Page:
As fantasy trade deadlines approach, that's Total Quarterback Rating's advice, particularly if you are in a keeper league.
As you know, QBR evaluates quarterbacks based on their play-by-play contributions to advancing their teams' chances of winning games. This offers a better picture of quarterbacks' overall production than traditional stats, but when I first started looking at QBR's possible fantasy implications, I wasn't sure it would have much to say. On one hand, QBR incorporates a number of factors that help determine whether players stay on the field and score both real-life and fantasy points, like rushing yards, sacks and fumbles. On the other hand, most fantasy scoring systems are tied directly to traditional statistical categories, such as passing yards and touchdowns. It's also not clear just how much quarterbacks' success in high-leverage situations, where QBR awards extra credit, carries over into future fantasy seasons.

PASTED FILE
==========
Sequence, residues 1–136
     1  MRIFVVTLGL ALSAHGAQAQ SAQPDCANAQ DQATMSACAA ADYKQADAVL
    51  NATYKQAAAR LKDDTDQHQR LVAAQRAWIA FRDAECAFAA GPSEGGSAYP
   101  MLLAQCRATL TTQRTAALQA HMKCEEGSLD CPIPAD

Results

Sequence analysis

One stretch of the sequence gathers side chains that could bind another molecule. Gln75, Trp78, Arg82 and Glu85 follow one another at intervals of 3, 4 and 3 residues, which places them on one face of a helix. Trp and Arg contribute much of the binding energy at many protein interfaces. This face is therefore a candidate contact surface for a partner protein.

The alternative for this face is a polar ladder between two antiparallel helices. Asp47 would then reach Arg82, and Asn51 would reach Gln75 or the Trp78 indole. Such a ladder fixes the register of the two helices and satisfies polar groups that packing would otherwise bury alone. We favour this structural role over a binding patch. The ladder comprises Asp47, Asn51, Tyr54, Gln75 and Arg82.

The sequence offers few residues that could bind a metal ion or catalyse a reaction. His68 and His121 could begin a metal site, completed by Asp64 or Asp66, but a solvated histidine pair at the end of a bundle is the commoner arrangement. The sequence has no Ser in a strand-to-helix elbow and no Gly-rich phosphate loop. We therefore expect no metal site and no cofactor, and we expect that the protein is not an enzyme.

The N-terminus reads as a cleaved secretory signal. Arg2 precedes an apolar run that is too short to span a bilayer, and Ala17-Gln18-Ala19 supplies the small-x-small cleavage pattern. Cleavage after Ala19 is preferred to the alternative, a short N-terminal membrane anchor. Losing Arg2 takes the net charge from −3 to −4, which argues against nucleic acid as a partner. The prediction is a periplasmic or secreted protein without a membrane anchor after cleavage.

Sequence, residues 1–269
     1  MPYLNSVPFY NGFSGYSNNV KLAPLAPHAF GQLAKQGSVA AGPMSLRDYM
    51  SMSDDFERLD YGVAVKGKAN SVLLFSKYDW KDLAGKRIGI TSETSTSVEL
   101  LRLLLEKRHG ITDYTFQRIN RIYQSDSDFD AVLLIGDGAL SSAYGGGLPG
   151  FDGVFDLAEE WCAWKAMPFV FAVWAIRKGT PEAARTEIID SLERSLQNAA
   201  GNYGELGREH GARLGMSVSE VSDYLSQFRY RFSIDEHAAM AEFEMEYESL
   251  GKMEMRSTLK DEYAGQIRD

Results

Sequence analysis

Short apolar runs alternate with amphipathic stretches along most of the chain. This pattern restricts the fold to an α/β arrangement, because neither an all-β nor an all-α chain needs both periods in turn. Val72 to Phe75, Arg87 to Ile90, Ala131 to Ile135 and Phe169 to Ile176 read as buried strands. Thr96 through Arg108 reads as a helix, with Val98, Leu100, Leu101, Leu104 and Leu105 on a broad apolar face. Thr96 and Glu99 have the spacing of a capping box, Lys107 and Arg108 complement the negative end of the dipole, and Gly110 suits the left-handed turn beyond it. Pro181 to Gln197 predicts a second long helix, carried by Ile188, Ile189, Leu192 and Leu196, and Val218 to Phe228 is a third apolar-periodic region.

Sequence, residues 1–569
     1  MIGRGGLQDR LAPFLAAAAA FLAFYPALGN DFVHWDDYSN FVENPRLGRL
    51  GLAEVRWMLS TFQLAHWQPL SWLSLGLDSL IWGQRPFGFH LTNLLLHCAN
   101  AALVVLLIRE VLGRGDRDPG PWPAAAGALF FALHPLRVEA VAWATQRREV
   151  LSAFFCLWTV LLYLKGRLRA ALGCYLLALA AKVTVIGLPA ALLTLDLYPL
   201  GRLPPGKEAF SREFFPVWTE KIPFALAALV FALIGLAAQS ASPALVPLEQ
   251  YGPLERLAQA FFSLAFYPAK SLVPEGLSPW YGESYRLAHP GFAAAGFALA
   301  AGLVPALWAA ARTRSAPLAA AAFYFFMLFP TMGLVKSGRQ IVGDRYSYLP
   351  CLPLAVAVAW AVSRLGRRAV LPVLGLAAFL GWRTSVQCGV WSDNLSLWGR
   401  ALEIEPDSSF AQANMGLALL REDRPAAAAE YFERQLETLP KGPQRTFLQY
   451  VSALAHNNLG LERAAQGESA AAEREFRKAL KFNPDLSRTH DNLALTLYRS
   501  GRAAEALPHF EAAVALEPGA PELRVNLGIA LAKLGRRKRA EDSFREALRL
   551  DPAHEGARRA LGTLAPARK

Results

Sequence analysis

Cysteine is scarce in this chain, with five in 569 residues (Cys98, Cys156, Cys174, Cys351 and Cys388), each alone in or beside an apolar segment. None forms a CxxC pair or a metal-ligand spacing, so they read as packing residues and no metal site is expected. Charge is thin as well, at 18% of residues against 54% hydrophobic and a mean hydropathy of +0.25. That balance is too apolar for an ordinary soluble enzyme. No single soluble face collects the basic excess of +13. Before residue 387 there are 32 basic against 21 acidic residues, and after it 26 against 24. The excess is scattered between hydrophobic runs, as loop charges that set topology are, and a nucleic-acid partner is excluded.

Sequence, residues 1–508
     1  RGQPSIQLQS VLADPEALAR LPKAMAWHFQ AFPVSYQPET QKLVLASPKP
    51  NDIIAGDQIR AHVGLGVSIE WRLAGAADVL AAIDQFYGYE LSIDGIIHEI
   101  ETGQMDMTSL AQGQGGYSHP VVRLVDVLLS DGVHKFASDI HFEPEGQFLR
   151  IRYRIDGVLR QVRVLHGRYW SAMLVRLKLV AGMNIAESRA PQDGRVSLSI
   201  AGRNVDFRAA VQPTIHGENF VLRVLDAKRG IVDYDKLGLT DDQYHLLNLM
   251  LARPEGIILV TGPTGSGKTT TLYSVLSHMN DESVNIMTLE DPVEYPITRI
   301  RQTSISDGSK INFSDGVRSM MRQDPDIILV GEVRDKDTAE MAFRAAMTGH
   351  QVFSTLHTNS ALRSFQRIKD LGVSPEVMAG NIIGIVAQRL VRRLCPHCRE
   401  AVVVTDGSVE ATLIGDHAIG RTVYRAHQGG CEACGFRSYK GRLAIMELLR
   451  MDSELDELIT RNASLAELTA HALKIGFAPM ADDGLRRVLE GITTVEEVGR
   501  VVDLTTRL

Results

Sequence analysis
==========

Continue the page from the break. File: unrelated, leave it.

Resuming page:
As it turns out, QBR is an even better predictor of fantasy value than traditional stats or fantasy stats.
Suppose we look at all quarterbacks who have stayed good enough -- and healthy enough -- to qualify for the NFL passer rating title both last season and this season. Among this group of 25 starters the correlation, or strength of the statistical relationship, between the number of yards they threw for in 2010 and the number of fantasy points they have scored in 2011 is 0.42, or moderately strong.